Monday, September 28, 2009


Fall officially arrived last week. There has been a change in the air, we've seen "v" formations of birds heading south, and the guillemots are getting their winter plumage. The leaves are starting to change too. We drove to Unity yesterday to enjoy MOFGA's Common Ground Country Fair and enjoyed seeing some fall color along the way. You can view Maine foliage current conditions here:

And then, of course, plan to come to Maine this weekend or next to see it for yourself before it's all over for another year!

Wednesday, September 23, 2009

40 years ago...

...tomorrow...marks the anniversary of my birth! So here's to my last day as a "30-something"! I'll be celebrating by going sailing!

I was 9 pounds 9 1/2 ounces when I arrived and I was two weeks late (which probably comes as no surprise to anyone that really knows me!) A big thanks to my mom for all she went through to have me and to both my parents for standing by me with endless amounts of unconditional love for the last 40 years. I love you!


And now:

Wordless Wednesday

photo credit: Hazel Mitchell

Tuesday, September 22, 2009

Winter Cover

Autumn arrives this afternoon just after 5 pm while we are boarding our next guests. We had a lovely day ashore yesterday and we took advantage of the time to get ready for fall lay-up...which happens in just two weeks!

We cleaned the sail bin, the wood shed, and the garage where the yawl boat goes. The dump wasn't open so we created a huge pile of trash and recyclable items for Brian to take away while we are sailing. There's a little more cleaning to do in the dock building before we can claim that it is ready for the craziness on October 3rd when everything comes off the boat and gets sorted for storage.

I've been meaning to rebuild our winter cover for years. Some pieces were in really bad shape including split and broken boards or boards that have been used so many times there was simply no good wood to screw things together anymore. Each spring we run out of time before we go sailing to do the intended repairs and each fall we just want to put the cover on and be done with it rather than taking the day necessary to assess and repair.

Now the cover has lots of new wood and we even painted the whole thing with old paint from our wood shed. This not only protects the plywood (and hopefully makes it last a while) but uses up the partial cans of random paint from our wood shed that has piled up over the years and just takes up room because I can't bear to throw it away. One captain explained to me once that they pour all those old cans into one big bucket and stir it up to paint their winter cover but we followed a more creative approach and I'm pretty sure we'll have the most creative and colorful cover in the fleet now! What do you think:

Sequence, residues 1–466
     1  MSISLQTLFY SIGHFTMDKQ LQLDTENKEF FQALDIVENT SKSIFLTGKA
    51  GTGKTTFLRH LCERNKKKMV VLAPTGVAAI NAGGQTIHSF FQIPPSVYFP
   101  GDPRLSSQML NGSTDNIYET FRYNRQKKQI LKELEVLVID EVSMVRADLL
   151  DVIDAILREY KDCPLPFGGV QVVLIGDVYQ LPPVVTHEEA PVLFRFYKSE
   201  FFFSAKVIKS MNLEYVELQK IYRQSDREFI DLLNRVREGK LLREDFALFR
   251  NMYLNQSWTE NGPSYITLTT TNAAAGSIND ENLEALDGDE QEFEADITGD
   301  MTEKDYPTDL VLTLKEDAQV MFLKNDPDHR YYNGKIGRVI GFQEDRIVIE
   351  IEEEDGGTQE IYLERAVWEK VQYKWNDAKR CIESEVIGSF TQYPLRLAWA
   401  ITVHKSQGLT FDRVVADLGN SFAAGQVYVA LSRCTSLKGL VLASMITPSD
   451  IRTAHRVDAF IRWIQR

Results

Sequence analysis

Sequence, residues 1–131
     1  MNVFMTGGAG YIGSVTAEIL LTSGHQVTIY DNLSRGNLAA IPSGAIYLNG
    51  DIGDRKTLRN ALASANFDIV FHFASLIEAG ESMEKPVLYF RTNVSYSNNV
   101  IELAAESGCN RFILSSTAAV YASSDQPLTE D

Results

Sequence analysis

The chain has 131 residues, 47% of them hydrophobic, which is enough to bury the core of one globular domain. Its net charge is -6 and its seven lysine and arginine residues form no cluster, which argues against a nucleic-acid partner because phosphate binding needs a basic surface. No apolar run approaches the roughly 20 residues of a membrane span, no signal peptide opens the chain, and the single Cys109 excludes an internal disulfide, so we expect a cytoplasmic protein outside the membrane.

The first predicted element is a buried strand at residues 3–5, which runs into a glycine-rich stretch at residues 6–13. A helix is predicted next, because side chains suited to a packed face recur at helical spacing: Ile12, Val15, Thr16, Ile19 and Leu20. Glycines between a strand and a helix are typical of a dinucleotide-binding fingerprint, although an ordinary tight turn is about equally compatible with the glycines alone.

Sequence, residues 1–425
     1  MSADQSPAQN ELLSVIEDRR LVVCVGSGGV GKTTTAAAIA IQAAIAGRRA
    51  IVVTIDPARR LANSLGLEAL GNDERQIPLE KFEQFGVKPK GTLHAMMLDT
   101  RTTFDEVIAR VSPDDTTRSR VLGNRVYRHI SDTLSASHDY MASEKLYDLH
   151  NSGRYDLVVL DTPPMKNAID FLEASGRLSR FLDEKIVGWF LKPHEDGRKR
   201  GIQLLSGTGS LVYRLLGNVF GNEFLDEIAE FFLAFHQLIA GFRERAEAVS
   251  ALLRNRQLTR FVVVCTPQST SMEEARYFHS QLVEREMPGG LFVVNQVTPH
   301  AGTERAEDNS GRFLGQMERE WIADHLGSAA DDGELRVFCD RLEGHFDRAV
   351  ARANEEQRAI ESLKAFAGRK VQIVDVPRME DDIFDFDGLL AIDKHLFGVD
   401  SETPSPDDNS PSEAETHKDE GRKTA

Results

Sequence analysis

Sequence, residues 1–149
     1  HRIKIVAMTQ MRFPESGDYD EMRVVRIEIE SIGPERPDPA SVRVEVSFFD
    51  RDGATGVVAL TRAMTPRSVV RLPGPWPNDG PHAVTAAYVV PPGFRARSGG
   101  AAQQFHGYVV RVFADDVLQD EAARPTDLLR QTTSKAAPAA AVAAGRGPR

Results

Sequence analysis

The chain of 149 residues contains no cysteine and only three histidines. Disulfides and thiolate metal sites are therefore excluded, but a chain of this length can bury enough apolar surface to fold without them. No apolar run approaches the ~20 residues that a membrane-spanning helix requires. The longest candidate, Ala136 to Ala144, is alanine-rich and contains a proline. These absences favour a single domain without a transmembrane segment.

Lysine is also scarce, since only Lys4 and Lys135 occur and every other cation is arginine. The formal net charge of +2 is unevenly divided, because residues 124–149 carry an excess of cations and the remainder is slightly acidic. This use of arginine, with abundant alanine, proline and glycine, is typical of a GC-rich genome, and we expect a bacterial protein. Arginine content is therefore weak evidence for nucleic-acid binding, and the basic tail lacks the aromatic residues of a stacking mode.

We laid all the pieces out on the ground to repair and paint them.

All the white is a glow-in-the-dark spray paint I got on clearance last Halloween.
This piece has our door.

Of course I couldn't resist spraying on a glow-in-the-dark skull and cross bones.
After all, we are the only schooner in the fleet that does Pirate Adventure Cruises!

Brian sprayed a more peaceful symbol with his paint.
Just covering our cover pieces and our bases!

Monday, September 21, 2009

Red sky in the morning....

The sun is showing itself later and later every day with the autumnal equinox arriving tomorrow. We were at anchor with another schooner yesterday morning and I had to snap this sunrise photo:
Interestingly enough the day was absolutely gorgeous so that may make one wonder what everyone is talking about when they say, "Red sky at night, sailor's delight. Red sky at morning, sailors take warning." I guess just like "Red green, go between" or "red right returning" is not always true, the red sky one is not always true either. So I guess the best (tongue in cheek, of course) advice I've heard is, "Never use absolutes."

Be well. Do good work.

Saturday, September 19, 2009

4-night Sailing Adventure - Wooden Boat Sail-In

We had a lot to fit in to just a few nights away from the dock. I'm happy to report that I have finally figured out a way to do a lobster bake, attend the Wooden Boat festivities and the captain's meeting the next morning, do a night sail, and still make it back to Rockland on Thursday morning.

Everyone settled in on Sunday night and we departed Monday morning with lobsters on board. We sailed up West Penobscot Bay and had a lobster bake that evening. We were still pretty far from Brooklin where we were expected to arrive around 3 pm the next day so we planned an early departure. We were underway around 7 am and motored north east through some showers that lasted most of the morning. The sun came out and some inconsistent wind filled in by lunch time. For a while we wondered where everyone else was and then the schooners started showing up. We were fourth to anchor and everyone went ashore to enjoy mussels, cheese and crackers, and music provided by Flash in the Pans before returning to the schooner for a turkey dinner. There was a wedding on the schooner nearest us and the atmosphere was one of celebration. One cannon after another signaled the sunset.